One of the more promising aspects of the refurbishment work at Lynn Bus Station is the provision of additional free short term car parking.
In particular, the one-hour stay parking area at the top of Railway Road, next to the Blackfriars Road junction, should prove popular with people wanting to make a swift trip into the centre.
Not everyone visiting the town centre has the sprinting ability of Usain Bolt, especially us older citizens, and the 30 minute stay parking areas around the old Post Office or in King Street, or outside St Nicholas Chapel, are hardly sufficient for anything but the most cursory of visits.
As for the 20 minute parking slots on the Tuesday Market Place, I am at a loss to think what you could usefully do in that time, and get back to your car, without running the risk of a parking ticket.
I would have thought such a mean-minded approach would actually put people off using the town centre, rather than encouraging them to bring their custom to Lynn.
Fortunately, the numbers of people in the town centre always appear to be quite healthy whenever I visit, and the Vancouver Quarter management assure us that “footfall” is always on the rise.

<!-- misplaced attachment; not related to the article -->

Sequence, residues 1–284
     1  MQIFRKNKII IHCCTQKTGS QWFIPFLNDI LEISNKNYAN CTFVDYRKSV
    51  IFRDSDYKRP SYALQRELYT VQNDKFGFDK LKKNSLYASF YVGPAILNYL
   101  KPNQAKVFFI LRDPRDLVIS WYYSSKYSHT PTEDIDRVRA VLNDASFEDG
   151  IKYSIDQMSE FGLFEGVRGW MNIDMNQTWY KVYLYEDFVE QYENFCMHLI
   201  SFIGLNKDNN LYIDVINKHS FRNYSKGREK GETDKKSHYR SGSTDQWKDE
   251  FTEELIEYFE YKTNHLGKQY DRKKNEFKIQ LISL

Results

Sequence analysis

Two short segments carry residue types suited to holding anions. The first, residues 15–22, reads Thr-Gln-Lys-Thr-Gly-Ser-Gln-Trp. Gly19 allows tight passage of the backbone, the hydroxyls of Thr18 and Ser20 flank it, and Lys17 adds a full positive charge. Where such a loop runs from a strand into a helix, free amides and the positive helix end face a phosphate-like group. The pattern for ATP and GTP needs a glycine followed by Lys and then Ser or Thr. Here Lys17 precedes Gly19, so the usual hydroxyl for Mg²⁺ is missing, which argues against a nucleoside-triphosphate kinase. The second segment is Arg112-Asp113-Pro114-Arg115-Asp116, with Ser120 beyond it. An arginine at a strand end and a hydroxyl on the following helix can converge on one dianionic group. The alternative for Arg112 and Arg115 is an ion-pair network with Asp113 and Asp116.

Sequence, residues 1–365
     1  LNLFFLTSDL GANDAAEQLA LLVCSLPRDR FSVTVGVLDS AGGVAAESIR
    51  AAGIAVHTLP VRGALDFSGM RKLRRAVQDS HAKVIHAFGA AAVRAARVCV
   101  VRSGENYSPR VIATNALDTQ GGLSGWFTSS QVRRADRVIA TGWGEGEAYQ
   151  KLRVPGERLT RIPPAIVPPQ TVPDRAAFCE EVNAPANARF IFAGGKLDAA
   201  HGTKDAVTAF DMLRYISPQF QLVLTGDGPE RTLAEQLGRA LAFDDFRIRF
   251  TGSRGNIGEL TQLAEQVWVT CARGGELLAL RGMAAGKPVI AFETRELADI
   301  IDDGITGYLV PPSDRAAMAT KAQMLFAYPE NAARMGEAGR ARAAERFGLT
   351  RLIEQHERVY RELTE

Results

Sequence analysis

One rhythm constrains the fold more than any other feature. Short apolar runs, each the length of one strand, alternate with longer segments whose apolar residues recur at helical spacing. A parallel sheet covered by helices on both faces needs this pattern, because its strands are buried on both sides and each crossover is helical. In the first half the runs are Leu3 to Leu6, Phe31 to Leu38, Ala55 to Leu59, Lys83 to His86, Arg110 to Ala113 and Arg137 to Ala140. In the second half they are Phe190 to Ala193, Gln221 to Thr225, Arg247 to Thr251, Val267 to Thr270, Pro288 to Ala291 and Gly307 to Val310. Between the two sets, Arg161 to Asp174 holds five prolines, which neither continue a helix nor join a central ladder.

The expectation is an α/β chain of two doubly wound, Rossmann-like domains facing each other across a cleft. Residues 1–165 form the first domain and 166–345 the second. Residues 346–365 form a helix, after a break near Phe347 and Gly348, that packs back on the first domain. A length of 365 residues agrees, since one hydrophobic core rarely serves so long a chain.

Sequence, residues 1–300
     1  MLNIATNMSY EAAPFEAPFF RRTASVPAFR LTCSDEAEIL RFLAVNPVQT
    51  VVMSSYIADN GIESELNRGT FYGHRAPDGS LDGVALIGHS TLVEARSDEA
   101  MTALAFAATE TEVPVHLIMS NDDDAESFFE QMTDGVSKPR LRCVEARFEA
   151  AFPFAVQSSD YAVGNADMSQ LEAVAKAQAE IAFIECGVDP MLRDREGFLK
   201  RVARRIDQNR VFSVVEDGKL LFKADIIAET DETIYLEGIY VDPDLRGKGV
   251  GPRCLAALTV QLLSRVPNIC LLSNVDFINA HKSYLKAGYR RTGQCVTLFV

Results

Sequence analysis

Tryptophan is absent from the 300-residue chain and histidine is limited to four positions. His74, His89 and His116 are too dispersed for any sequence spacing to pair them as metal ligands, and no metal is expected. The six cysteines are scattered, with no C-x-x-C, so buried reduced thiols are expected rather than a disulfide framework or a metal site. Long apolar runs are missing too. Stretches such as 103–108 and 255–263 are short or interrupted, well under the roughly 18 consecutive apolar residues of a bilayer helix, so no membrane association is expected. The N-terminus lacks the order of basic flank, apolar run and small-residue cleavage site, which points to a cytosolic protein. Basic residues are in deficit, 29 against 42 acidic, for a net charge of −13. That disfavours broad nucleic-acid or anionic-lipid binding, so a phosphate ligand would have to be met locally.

Whether footfall equates to people actually spending on a generous scale is more difficult to gauge. And does the increase in people living in or near the town centre, in all the recent in-fill developments, also mean that there are more people around the centre at any given time?
The only real barometer for the economic health of the town centre is the number of businesses either opening or closing, and in recent times there have been more new arrivals than closures, which is a positive sign.
Now that the General Election is behind us, we can only hope that economic activity picks up and that West Norfolk benefits – certainly it is well placed to be part of any surge in the East of England.
While I have been banging on about the jobs potential created by the boom city of Cambridge, our other not-so-distant neighbour, Norwich, has also been making big strides in the field of technology and is, potentially, another careers powerhouse.
Now that it is linked into the national dual carriageway network via the A11, its prospects for a rosy future have been considerable enhanced, and its pull may be drawing in more and more people from mid and west Norfolk.
It’s a shame we don’t have a better rail link to Norwich, other than going via Ely. But who knows what the future might bring if the demand is there?
After all, as the crow flies, Norwich is probably as close to Lynn as Cambridge.